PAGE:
The Controversy on Eugenics in the American Culture

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The Controversy on Eugenics in the American Culture

By | October 2006
Page 1 of 5
Heredity improvement by genetic control. Why would people want to control heredity? What exactly is genetic control? These are some things that people have been questioning for decades. Eugenics can not be ignored because it is suddenly coming up everywhere. People are experimenting and taking huge risks not to their knowledge. At one point in time it was said that eugenics could change the world for the better. That is how some people could look at it, and others frightened that it would change the entire universe. Early in the twentieth century science had to deal with the conditions that improve the inborn qualities of a race. Eugenesists not only wanted to improve the well-being of others, but enclose to fewer races and religions. This was all a part of the American eugenics movement.

The eugenics movement advocated both positive and negative eugenics, which referred to attempts to increase reproduction by fit stocks and to decrease reproduction by those who were constitutionally unfit. Positive eugenics included eugenic education and tax preferences and other financial support for eugenically fit large families. Eugenical segregation and usually, sterilization restrictive marriage laws, including anti-miscegenation statutes, and restrictive immigration laws formed the three parts of the negative eugenics program. From the beginning, the eugenics movement was a racialist and elitist movement concerned with the control of classes seen to be socially inferior. In proposing the term eugenics, Galton had written, "We greatly want a brief word to express the science of improving the stock...to give the more suitable races or strains of blood a better chance of prevailing speedily over the less suitable than they otherwise would have had.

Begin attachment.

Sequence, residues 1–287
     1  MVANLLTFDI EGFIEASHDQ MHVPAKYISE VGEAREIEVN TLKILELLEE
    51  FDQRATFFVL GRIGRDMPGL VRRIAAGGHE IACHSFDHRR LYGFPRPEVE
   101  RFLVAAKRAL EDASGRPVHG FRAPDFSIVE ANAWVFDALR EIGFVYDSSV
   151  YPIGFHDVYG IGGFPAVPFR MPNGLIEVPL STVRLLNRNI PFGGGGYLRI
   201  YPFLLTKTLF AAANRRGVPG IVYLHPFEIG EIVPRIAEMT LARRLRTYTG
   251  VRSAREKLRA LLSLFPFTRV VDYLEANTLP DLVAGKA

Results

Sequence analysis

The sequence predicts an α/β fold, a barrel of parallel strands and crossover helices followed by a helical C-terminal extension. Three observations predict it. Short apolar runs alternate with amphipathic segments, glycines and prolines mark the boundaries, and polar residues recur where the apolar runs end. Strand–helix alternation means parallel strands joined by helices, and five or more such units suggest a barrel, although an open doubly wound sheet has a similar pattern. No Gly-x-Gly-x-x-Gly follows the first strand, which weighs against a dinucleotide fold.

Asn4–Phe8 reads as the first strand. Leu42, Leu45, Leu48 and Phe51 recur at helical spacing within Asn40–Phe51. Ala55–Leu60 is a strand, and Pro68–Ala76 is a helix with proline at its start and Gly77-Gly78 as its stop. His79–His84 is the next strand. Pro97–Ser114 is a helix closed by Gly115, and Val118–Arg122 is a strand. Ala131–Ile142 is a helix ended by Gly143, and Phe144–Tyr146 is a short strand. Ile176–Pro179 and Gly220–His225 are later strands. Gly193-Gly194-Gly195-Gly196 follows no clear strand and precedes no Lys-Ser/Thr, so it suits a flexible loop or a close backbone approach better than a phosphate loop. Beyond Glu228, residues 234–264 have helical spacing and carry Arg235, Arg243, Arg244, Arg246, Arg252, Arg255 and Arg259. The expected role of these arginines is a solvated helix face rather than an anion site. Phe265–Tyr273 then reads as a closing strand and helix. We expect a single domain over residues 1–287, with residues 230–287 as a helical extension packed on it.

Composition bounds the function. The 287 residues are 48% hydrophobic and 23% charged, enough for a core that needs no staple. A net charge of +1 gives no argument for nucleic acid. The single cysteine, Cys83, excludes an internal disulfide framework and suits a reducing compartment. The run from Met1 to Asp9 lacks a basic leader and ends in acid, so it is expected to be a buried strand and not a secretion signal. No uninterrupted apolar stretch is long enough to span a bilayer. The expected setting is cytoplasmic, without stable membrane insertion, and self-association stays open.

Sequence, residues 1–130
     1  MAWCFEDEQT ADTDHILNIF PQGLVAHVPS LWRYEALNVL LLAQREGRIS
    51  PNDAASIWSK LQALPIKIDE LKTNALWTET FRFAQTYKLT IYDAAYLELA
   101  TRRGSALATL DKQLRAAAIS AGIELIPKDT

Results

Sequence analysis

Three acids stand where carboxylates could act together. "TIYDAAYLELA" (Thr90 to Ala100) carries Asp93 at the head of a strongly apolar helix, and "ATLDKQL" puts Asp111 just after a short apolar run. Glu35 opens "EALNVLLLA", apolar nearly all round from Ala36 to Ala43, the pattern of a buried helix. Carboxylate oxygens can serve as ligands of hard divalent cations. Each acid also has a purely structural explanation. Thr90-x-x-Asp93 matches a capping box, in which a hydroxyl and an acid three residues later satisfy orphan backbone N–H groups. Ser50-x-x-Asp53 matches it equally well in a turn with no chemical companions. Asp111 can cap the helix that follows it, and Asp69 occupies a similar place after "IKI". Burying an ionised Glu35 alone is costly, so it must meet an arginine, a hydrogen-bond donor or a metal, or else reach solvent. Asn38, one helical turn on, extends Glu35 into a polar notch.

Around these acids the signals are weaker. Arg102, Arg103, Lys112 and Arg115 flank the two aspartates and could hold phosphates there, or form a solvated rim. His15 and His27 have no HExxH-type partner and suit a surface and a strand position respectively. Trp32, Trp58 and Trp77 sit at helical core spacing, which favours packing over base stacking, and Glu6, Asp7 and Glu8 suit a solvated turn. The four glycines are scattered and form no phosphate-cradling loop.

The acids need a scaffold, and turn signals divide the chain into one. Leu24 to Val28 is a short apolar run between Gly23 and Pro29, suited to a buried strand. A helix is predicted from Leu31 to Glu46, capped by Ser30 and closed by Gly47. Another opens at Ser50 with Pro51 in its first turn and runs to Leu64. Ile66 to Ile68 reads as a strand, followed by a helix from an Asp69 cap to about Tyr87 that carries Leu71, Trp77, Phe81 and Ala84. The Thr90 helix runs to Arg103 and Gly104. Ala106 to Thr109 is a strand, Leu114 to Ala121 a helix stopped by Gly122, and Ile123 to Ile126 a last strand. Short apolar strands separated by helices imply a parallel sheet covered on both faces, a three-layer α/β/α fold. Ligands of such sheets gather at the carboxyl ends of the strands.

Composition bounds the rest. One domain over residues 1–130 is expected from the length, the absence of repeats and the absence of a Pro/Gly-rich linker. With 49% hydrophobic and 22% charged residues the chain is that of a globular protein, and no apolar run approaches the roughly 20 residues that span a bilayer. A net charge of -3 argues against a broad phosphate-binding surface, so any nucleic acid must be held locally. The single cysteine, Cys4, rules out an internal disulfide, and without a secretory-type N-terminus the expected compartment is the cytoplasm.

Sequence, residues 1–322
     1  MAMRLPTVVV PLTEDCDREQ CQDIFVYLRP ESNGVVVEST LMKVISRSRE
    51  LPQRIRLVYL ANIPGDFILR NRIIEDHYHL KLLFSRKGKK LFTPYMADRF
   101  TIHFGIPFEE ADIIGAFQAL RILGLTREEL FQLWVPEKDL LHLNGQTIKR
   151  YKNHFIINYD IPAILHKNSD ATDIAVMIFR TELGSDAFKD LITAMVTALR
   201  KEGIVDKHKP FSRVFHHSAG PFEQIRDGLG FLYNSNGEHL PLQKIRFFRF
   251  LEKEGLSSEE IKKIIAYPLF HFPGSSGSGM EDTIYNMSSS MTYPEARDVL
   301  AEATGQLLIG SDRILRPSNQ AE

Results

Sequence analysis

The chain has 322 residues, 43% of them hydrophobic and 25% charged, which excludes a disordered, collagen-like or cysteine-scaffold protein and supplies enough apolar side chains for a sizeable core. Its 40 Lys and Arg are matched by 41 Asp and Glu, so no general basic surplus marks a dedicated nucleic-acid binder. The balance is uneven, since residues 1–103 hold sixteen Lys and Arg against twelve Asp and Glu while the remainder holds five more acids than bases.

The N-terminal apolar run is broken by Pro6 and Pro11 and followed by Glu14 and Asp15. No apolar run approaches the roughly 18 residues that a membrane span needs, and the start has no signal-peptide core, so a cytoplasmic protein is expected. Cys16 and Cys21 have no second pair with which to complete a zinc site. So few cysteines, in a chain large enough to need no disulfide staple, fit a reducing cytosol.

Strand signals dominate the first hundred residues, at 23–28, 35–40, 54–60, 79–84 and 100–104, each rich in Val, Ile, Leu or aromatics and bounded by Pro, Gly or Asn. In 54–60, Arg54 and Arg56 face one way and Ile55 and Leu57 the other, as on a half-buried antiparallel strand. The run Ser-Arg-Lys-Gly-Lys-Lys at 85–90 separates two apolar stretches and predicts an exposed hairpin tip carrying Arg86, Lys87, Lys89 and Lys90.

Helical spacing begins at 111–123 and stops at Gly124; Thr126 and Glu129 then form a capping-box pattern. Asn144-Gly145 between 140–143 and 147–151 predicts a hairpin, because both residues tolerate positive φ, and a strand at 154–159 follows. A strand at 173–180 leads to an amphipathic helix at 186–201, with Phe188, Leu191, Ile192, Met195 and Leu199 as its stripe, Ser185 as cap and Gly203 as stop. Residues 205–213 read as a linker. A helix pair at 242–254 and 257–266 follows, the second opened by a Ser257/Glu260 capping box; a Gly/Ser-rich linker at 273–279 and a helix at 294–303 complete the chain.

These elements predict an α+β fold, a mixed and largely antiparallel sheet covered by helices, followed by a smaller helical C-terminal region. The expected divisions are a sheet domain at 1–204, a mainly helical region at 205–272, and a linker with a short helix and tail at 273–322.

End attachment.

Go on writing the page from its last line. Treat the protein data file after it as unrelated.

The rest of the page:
Modern eugenics was rooted in the social Darwinism of the late 19th century, with all its metaphors of fitness, competition, and rationalizations of inequality. Indeed, Francis Galton, a cousin of Charles Darwin and an...

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